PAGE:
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Making A Bunch of Requests from a Node Server? Try Promise.all!

jacobknaack profile image Jacob Knaack ・2 min read

Sometimes you find yourself needing to make a ton of http requests. For the most part this a bad idea, and you should really be abstracting your requests and not hammering a REST API since that's how you break things on the internet.

Buuuuuut for testing purposes or just trying to get something to friggin' work, we might be feeling a lil' hacky. We are developers ya know, and girls just want to have fun!

hack-a-lackin

Disclaimer:

Please don't use this on any existing REST service that you don't control. This will possibly break any rate restrictions that service has put in place, and worse case could overload their servers.

I found myself in one of these scenarios while testing a bunch of mock spreadsheet data, where I wanted to make hundreds of requests to some server routes our team was building. Thus, the advent of this Node code you see below you.

Before continuing, this hack expects some knowledge around JS Promises, ES6 Syntax, and Node Modules. With that out of the way let's look at this solution and break it down:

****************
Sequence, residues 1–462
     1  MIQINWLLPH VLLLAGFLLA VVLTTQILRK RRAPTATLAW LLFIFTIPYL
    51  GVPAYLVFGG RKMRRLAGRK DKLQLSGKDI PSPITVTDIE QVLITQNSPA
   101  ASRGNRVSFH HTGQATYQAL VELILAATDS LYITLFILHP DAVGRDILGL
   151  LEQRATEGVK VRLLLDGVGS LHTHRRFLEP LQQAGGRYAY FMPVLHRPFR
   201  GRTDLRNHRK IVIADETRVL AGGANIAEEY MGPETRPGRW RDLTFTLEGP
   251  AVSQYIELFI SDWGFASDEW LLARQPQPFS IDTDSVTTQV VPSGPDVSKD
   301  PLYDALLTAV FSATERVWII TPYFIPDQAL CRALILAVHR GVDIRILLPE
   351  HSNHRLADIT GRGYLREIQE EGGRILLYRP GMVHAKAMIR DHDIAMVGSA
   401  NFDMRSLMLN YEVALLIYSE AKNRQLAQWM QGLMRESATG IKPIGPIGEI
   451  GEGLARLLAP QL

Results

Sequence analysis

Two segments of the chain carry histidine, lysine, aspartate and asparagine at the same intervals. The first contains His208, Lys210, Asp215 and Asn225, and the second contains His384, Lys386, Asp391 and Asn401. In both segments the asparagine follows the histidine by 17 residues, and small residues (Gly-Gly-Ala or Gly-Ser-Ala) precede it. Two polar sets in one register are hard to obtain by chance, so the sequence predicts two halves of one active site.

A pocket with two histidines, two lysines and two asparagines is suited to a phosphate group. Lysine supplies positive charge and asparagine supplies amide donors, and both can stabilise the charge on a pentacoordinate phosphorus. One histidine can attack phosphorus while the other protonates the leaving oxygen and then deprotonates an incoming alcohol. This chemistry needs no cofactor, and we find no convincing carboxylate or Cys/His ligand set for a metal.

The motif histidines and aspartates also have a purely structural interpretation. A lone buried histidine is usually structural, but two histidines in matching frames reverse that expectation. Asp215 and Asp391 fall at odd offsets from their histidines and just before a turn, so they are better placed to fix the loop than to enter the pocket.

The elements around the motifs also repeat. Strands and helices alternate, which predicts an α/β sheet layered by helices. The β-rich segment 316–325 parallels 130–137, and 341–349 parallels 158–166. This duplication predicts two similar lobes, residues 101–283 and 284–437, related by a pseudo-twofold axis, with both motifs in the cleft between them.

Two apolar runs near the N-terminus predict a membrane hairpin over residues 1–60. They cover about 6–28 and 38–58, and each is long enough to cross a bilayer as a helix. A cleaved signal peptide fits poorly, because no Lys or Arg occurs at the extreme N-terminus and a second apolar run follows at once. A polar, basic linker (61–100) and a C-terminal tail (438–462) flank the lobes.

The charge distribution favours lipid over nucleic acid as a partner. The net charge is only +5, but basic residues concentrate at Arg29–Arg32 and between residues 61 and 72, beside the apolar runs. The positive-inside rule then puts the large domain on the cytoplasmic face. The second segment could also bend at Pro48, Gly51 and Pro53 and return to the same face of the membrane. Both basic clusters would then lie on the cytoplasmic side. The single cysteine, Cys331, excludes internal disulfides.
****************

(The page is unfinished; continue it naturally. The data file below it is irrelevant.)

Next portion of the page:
Our Solution

This module doesn't do anything super fancy. But it does utilize some super fancy built in javascript Objects.

  • It formats an array of promises that we can feed into Promise.all.
  • When those asynchronously resolve we get a big happy bundle (an array for those strictly typed folks) of response objects :).

How do we Achieve this?

We leverage a handy Array prototype .map method to turn our array of request options, into new array containing promises:

const promiseArray = reqArray.map(req => new Promise(
  // things our Promise should do
));

Each Promise will resolve result of the request or reject the error if the request fails, asynchronously of course:

async (resolve, reject) => {
  try {
    resolve(await httpPromise(req));
  } catch (err) {
    reject(err);
  }
}

finally we just return the result of Promise.all which we pass our newly created array of Promises, or console an error if we get errors in those requests.

return Promise.all(promiseArray)
  .then((responses) => responses)
  .catch(err => {
    return { "message": "bulk request failed", "error": err }
  });

Hope this helps with whatever crazy asynchronous actions you're trying to accomplish. This can easily be refactored for use in other environments besides Node and can be used with other events (Database queries, Cloud Resource Interactions) that you want Javascript to handle only upon completion.

Happy Hacking :)

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jacobknaack profile

Jacob Knaack

@jacobknaack

I am a Web Developer in Seattle. I spend much of time at Code Fellows downtown campus where I teach and build fun and sometimes useful things.

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